Not quite


It is that time of the year all right, and in spite of it being Monday, I am glad that it is. Only because I finished and dispatched my 3000 words to PP, and I only have one more programme to mix (code for “my work is just about done”) – tomorrow. So, it’s like being not quite on holiday,  which helps one cope with the end-of-year madness that would otherwise frustrate one if one still had serious work to do.

Like, for example, the fact that everybody and their aunt is forever out-of-friggen-office having a celebratory booze-up somewhere. Our little open-plan broom cupboard felt a like a tomb this morning – one where the corpse had come back to life and is off somewhere sucking the blood out of people with deadline stress. Not like me. Monday has never been so rosy.

In anticipation of this halcyon dream and because I have not seen them for ages, I had lunch with the girls at Ciro’s  yesterday.  I have not really been there much since my last birthday supper, perhaps three years ago, when the duck was dry, and Ciro unapologetically put it on the bill. Before that I went there regularly. Not anymore.

And yesterday I remembered why not. Look, it’s hard to find a better place to have good food under cool trees made cooler by that fine-mist cool-down spray contraption in the summer. The tables are prettily laid with cloth tablecloths and real serviettes. And mostly, Ciro’s food is still very good. Jacques says that Ciro makes the best risotto in Johannesburg after mine. (OK maybe he did not say that, but this is almost certainly the case.) But I do not think that the food in a restaurant that charges R110 for a starter that does not – at the very least – contain truffles and foie gras or Alaskan king crab, should be “mostly very good”. It should be consistently excellent, and Chiro’s is not.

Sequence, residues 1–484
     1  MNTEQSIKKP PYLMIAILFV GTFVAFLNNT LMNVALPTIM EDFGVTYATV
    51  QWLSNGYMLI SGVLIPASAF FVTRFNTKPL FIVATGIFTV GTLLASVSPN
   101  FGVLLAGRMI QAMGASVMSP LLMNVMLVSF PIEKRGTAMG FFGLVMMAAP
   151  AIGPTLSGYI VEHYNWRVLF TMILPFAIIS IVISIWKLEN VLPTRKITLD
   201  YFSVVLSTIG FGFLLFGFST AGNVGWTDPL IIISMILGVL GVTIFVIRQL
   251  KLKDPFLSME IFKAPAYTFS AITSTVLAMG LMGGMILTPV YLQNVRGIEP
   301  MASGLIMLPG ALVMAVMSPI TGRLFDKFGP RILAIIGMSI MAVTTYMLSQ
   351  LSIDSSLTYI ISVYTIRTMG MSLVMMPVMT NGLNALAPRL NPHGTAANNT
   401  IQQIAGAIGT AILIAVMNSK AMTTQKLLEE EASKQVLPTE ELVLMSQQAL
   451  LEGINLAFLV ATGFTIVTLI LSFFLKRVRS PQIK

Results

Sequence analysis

I had the chicken, stuffed with couscous, crumbed with polenta and served with a delicious cream sauce of some kind (but not too much). The chicken had a great range of textures (the polenta really crisps on the outside) and was sufficiently full of flavour. I chose the chicken, perversely, because I knew the cost-to-labour ratio was low. I know how long  it takes to make little roulades out of chicken breast, to crumb them, and deep fry them.

By comparison, slapping a curry-like sauce on top of a piece of salmon is a one-hand-behind-your-back job.  And I did not like the salmon. I thought it was a waste of a good piece of fish, and other than the curry splat on the top, did not really taste like R175,00.  Ruth shared a bit with me, and she said she liked it. Jules, lactose intolerant, had pizza with prawns and capers. That was also excellent, not a crumb remained.

And  then it was time for pudding. I ordered the tarte tatin and Jules the crème brulee. Ruth likes to share when it comes to dessert. The crème brulee had separated: none of that silken, dense, melt-in-your-mouth vanilla custard stuff. I took us quite a long time to get someone to take it away, and by then the bit where we dipped our spoon was looking quite watery, as if you added some scrambled egg to dishwater. The tarte tatin was a pleasant apple-tart kind of a thing, but not quite a tarte tatin, which, as we all know, has golden, deeply caramelised apples, rich and moist, on top of a crisp pastry. To see what a beautiful mini tarte tatin should look like, go here. Or even  here. What a beautiful tarte tatin looks like is no mystery.

Ciro’s version is more like  a small stack of sweet, pale, slightly dry slices of unpeeled apple on op top of a crisp pastry. There was absolutely nothing wrong with the pastry. It was served with some custard, and it was, as I said, a pleasant apple-dish-thing.

I felt vindicated, a little, that we took our own bottle of bubbly. (Has anybody noticed that when you take your own MCC to a restaurant that they always give you the most amazingly cheap glasses?)

I know Ciro’s is very popular in spite of the dazzling price tag, but I suspect, nay, FEAR, that the bulk of Johannesburgers may not always have palates equal to those of our snotty compatriots of the mountain. There really is no other explanation.

Anyway. I am off to PE on Thursday, where I will practice mini tarte tatins in my mother’s kitchen and put pictures on the blog.

Aluta Continua.

According to the Daily Maverick this morning, most people spend 12 minutes every Monday complaining. Just saying.


Losing it

When my brother Douw was a little (like six or seven, I think), and I was a teenager and constantly on diet, he once said to me… “I know how you can lose ten kilograms of ugly, useless fat overnight.” It was never going to be a solution to my utterly imagined but nonetheless ghastly obesity, but I had to ask, “How?”